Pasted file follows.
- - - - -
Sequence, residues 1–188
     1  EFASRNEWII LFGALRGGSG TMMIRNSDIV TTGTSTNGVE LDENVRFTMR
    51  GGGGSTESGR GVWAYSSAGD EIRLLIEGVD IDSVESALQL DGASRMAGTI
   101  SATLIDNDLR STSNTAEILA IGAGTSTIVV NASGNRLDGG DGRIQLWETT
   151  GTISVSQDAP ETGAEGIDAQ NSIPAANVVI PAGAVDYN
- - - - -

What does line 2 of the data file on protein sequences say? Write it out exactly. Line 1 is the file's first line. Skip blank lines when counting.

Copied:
     1  EFASRNEWII LFGALRGGSG TMMIRNSDIV TTGTSTNGVE LDENVRFTMR